After a moment of uncertainty about Richard Armitage’s role, calm has been restored and I am good to go on another sleep themed foray into the classical tRAdition as shooting on Sleepwalker continues. Today’s installment is the mythological story of Cupid (Eros) and Psyche. In both the Greek and Roman pantheons, Cupid is a god associated with love…armed with a quiver of “love darts.” Although he is often depicted as a roly poly winged baby, there are probably as many depictions of the god as a beautiful young man. It is in this form that he appears the following story which survives only in the account of Apuleius within the 4th century AD novel The Golden Ass.
The full story begins at the end of Book IV and continues through Books V and VI and is well worth a read. I’m just going to highlight a small portion of it here:
“In a certain city there lived a king and queen, who had three daughters of surpassing beauty. Though the elder two were extremely pleasing, still it was thought they were only worthy of mortal praise; but the youngest girl’s looks were so delightful, so dazzling, no human speech in its poverty could celebrate them, or even rise to adequate description.“
Uh-oh. In myth, it is never a good sign when a human is so remarkable in anything as to attract attention away from the gods, and that is exactly what happens here. The beauty of the youngest daughter, Psyche, was so great that people began to slow down in their worship of Venus (the goddess of Love and Beauty) to instead pay homage to Psyche. Word got back to Venus and she was predictably offended and outraged. She sent Cupid as the instrument of her revenge, but instead of punishing the girl, he fell in love with her on sight and implemented a plan to have her for his own.
After a consult with the Delphic Oracle, Psyche’s father the king was told to prepare his youngest daughter for marriage to a monster…a dragon even. So, Psyche was dressed up in funeral clothes and set out on a rock to take one for the home team. Instead of her prophesized scaly groom, she was swept up by Zephyr (the West wind) and transported to a beautiful flowery field where she fell peacefully asleep. When she woke she found herself on the edge of a carefully tended copse, and upon exploration, she found a beautiful palace. It seems that her mysterious new husband planned to keep her in the lap of luxury. She is treated to a delicious banquet that served serves itself accompanied by the music of an invisible lyre.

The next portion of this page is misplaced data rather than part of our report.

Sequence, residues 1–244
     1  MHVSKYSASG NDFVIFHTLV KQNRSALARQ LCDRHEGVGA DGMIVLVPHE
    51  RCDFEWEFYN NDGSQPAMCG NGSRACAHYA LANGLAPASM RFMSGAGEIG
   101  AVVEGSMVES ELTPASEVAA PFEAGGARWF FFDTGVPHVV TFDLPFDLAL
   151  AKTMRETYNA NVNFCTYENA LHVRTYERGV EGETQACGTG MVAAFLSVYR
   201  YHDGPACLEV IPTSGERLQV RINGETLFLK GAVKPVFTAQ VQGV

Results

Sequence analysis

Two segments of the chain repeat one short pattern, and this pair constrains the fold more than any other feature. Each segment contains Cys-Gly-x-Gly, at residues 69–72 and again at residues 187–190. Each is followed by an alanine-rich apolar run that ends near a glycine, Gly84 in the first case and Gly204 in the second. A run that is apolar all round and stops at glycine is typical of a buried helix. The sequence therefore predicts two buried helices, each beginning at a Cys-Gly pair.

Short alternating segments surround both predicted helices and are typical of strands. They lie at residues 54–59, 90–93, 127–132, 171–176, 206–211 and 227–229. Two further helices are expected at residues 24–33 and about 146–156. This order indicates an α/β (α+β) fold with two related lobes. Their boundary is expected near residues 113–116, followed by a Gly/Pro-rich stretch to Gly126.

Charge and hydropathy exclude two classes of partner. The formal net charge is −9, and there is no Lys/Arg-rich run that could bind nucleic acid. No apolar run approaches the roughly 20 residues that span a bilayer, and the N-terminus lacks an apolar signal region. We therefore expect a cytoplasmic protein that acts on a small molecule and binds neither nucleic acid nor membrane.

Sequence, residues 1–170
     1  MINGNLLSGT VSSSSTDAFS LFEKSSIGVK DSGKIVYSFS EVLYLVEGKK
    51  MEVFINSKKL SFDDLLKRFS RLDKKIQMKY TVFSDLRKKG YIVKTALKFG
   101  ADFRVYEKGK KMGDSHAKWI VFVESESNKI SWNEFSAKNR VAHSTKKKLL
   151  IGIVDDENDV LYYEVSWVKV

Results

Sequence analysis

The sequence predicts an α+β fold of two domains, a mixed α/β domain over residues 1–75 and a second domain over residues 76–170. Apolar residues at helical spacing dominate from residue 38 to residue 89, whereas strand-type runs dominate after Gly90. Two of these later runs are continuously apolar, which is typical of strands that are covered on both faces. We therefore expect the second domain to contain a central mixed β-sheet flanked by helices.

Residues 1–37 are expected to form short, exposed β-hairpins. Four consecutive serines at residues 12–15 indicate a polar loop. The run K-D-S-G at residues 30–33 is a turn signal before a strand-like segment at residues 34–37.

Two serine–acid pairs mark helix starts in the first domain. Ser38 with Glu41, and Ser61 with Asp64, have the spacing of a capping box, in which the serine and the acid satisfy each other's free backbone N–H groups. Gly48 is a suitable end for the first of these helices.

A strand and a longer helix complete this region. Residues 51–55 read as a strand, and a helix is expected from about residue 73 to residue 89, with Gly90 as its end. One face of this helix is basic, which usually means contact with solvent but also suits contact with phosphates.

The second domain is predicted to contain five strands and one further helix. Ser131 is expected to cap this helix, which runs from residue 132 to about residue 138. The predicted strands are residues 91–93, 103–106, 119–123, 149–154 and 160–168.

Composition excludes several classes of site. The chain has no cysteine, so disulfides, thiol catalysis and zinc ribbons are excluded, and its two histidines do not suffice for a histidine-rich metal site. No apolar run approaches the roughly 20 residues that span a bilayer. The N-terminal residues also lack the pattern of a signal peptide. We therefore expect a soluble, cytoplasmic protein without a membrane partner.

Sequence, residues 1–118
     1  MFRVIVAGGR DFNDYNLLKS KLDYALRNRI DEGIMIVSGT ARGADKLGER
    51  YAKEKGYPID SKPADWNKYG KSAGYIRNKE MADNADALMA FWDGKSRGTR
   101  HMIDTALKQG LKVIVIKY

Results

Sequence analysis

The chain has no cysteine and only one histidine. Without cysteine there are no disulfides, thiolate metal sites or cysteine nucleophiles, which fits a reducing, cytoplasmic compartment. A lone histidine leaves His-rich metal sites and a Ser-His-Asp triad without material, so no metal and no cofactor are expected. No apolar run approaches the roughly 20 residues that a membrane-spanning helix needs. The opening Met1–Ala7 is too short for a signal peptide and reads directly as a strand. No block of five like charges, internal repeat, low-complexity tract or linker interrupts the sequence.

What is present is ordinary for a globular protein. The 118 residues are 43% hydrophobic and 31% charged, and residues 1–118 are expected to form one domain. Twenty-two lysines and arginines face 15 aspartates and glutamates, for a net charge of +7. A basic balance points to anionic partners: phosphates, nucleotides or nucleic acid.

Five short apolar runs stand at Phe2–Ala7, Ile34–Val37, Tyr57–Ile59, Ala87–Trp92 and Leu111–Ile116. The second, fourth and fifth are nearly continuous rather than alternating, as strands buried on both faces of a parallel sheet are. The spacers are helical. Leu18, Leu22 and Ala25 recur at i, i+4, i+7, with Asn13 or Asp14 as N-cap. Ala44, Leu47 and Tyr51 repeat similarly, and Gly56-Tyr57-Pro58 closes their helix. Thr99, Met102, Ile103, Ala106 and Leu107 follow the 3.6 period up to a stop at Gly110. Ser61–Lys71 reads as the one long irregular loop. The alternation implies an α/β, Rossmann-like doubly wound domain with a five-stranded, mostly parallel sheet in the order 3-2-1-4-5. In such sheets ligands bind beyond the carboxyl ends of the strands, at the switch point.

Leery, but still curious, she consented to be led to a bedroom where her groom visited her in darkness to consummate the marriage. She quickly began to look forward to his visits, which always came in a darkness. Although he was tender and indulgent with Psyche, he warned her that she must never look at him in the light. Although Psyche seemed content with the arrangement, and even conceived a child, she was lonely and convinced her secretive husband to bring her sisters to the palace for a visit. From here, things began to unravel for Psyche. Jealous at the opulence in which Psyche lives, her sisters planted seeds of doubt about her attentive, but unseen husband. They convinced her to uncover his true identity lest he actually a be a monster who was planning to consume both Psyche and her unborn child.
Young and insecure, Psyche was swayed, and carried out a plan cooked up by her sisters. One night after her husband had fallen asleep, she retrieved a hidden lamp and a dagger to reveal and kill the monster in her bed.
Cupid and Psyche by Giuseppe Maria Crespi
When she held the light closer, instead revealing a monster, she saw the most beautiful creature that she has ever seen – Cupid.
I’m gonna go out on a limb and assume he looked like this…*cough*
Where was I? Oh, right…most beautiful creature and all. Anyway, Psyche was so startled by the sight that she pricked herself on one of Cupid’s arrows and spilled hot lamp oil onto her beautiful dreamer. Startled and angered by her mistrust, Cupid flew away from her. Psyche tried to follow him (and who wouldn’t if he looked like that ^^ ?) but even wounded, he alluded her and she was left alone.
What follows for Psyche was a series of wanderings and labors that rival those of Odysseus, Aeneas and Hercules. Despite the kindly wishes of Ceres and Juno on Psyche’s behalf, Venus remained unmoved and vindictively set her on a series of increasing impossible tasks until Cupid finally realized his love for Psyche was unchanged and intervened…cue super romantic reunion.
Psyche awakened by Cupid’s kiss by Canova
This story is a like a greatest hits album of classical literary themes…myth, tragedy, epic…with a little Roman style happy ending worthy of a Disney princess tale thrown in! So there you have it…in honor of Richard Armitage’s role in Sleepwalker, another slumber story from the classical tRAdition for your reading pleasure.